Step 1: Prepare: Place a notebook and pen or pencil beside your bed where you can easily reach them. Before you go to sleep be very intentional. Ask the Dream Mother three times to bring you an important dream and help you remember it. Intentionality is probably the most important step. Don’t forget it.
Step 2: Describe: If you wake up with a dream in the middle of the night, jot down a few important images and actions that will trigger your memory in the morning. As soon as you can, flesh it out in your dream journal with a full and rich description. Give the dream a date, number and title. Write in the present tense to keep the dream more immediate: “I am at a party,” not “I was at a party.” Note as many details — colors, objects, actions, directions, etc. — as you can. Most important, record every emotion and where in the dream you felt it.
Step 3: Examine Symbols: Begin with the first symbol (activities as well as objects and their descriptors) and record your personal associations to it. Ask yourself: If I saw this symbol in a play, poem or film, what would I think it meant? Dream example: “I’m driving a big, old, outdated car down a dark and winding road. I’m going way too fast and feel out of control. I try to stop but can’t. Afraid I’m going to crash.” What would be the first symbol or activity you’d work with? Driving. What are your associations to driving? Then big, old, outdated car. Dark and winding road. Going too fast. Feeling out of control. Can’t stop. Afraid of crashing.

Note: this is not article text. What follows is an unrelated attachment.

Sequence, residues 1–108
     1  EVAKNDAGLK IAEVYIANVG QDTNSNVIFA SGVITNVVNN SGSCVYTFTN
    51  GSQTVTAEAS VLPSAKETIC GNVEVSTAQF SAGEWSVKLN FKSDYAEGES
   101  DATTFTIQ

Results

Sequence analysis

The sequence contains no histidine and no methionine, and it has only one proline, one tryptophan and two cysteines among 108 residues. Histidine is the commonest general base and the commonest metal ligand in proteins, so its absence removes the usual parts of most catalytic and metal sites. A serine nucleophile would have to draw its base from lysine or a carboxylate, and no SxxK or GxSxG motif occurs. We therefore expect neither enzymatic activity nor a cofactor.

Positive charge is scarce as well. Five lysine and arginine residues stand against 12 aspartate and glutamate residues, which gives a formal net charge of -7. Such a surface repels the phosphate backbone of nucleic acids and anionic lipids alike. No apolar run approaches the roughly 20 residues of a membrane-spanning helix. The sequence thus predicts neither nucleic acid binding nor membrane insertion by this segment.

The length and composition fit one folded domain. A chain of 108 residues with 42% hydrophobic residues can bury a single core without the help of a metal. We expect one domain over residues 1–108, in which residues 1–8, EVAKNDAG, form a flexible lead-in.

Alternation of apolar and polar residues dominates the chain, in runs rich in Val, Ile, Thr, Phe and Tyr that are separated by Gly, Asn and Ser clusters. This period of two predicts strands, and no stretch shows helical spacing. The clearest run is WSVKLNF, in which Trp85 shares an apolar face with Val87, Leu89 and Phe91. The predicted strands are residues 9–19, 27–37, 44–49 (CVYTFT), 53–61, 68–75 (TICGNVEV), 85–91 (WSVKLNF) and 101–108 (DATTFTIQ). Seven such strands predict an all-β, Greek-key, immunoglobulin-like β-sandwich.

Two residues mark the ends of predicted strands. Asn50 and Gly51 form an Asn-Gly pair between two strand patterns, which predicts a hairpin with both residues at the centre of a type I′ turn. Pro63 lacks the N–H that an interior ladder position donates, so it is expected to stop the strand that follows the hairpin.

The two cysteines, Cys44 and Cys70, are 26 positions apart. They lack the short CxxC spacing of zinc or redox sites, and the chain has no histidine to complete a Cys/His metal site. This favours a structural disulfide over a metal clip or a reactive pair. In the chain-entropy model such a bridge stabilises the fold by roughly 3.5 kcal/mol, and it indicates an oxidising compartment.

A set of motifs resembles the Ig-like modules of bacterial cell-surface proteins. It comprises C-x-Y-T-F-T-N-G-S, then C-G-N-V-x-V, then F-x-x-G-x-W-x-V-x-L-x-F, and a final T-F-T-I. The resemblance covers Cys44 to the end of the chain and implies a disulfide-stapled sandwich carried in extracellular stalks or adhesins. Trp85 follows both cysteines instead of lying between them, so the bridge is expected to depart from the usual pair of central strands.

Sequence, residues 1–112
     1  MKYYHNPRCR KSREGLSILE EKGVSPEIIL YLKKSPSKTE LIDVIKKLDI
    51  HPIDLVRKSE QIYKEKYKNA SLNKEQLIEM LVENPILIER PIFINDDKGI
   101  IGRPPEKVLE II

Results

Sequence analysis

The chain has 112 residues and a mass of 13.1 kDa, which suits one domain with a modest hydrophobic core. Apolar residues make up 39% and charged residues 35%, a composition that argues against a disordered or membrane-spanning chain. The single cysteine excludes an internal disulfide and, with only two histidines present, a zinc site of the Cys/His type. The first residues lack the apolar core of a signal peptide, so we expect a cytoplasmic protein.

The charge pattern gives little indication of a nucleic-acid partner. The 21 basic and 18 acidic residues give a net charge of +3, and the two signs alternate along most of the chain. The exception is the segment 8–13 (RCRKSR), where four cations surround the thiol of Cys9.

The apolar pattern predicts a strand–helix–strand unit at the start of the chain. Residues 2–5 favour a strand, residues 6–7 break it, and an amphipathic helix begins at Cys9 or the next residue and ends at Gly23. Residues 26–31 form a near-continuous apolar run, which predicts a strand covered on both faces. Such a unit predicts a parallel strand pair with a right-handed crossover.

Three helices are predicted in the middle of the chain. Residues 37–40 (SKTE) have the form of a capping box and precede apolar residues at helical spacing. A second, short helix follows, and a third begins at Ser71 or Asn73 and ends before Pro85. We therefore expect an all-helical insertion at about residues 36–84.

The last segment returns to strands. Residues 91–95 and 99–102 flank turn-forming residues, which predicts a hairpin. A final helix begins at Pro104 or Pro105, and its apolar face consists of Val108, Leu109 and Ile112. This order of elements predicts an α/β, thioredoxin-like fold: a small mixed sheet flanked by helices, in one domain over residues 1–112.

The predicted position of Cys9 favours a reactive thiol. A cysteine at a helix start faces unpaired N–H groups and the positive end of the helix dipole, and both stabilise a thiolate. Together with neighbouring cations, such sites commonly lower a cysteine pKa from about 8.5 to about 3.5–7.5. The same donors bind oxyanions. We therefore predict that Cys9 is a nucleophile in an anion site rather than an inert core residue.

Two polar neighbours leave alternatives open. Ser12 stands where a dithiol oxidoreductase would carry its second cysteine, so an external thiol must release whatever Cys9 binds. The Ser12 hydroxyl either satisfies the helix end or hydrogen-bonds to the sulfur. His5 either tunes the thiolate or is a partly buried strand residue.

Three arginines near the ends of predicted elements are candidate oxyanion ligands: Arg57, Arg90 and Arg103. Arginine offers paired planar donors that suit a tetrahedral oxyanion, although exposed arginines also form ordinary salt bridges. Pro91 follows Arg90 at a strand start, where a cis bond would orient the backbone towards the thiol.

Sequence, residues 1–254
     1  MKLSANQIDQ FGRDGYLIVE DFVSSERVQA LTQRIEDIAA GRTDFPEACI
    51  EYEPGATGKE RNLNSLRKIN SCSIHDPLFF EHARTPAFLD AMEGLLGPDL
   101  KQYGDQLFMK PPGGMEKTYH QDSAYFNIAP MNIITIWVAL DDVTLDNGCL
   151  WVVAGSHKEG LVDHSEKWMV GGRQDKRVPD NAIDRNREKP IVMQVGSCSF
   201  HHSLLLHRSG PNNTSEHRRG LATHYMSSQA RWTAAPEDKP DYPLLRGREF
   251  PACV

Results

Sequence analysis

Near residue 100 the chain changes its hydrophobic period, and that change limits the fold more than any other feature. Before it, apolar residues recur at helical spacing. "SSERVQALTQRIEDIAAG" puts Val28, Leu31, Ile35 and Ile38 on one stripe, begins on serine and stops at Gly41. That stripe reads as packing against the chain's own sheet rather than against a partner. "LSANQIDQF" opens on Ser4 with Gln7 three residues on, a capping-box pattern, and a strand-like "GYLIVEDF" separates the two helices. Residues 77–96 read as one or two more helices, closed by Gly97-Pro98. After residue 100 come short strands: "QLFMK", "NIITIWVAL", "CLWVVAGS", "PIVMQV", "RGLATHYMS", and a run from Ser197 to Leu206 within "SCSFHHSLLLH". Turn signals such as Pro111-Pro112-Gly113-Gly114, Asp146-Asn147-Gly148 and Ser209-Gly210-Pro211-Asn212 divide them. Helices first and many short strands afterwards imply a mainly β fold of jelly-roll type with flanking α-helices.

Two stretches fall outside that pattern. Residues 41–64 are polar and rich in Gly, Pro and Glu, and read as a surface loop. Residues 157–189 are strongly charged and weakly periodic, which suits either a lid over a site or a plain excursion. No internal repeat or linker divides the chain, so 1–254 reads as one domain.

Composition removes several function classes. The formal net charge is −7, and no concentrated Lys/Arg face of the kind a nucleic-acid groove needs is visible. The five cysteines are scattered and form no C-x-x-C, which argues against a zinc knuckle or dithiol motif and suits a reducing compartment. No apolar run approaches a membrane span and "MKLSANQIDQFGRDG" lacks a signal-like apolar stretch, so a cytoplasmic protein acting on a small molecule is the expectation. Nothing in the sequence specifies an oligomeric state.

Step 4: Restate: After you’ve noted your associations to the symbols, briefly summarize the plot from beginning to end, substituting your associations for the symbols. You might summarize the above dream like this: My ego (the “I” in the dream) is in charge of my journey (driving a car down a road). The way I’m traveling (car) is outdated, mechanical (I’m in a car, not walking), unconscious (in the dark), too fast for comfort, and difficult. I feel out of control. I’m afraid I’m going to self-destruct but can’t seem to stop myself.
Step 5: Create an Emotional Bridge: Look for connections between your dream and your waking life. Dreams are pictures of emotions. List the emotions your dream ego felt in order of their appearance. Ask yourself: What is the most dominant or disturbing emotion in the dream? What triggered this emotion? When have I recently felt this way in waking life? What does my dream say about my emotional life right now?
Step 6: Reflect: Consider what actions or changes might be called for in light of the messages you received. Record your insights and intentions so you will remember them. If the dream feels especially important create a private ritual to honor it and the Dream Mother.
A final note: Keep at it, but give yourself some slack. You don’t need to work with every dream. Every few days, or as often as you can, pick out the most puzzling or compelling ones. Then congratulate yourself for the important work you’ve done and enjoy the wonderful new insights you’ve gained. I hope you’ll let me know if these suggestions help.
You can find Dream Theatres of the Soul at this Amazon link.
Mandorla Consciousness: Part II
There is a time for everything. The dualism that gave rise to our evolving ego and developing Christ potential has become our worst enemy: the anti- Christ. And as long as we repress unwanted parts of ourselves and project them onto others—whether these be our compulsive instincts, dangerous emotions, or frightening aspects of our masculine and feminine sides—we will struggle through the darkness of confusion and the world will be a dangerous place.
Thanks! I just worked with your Step 5 from my last nights dream. I discovered a great insight for my waking life. Thanks for the great tips! I intend to do more symbol work later. Love it!
I’m delighted that you’ve tried it out and acquired an important insight. Well done! Thanks so much for letting me know. I know, I love it too!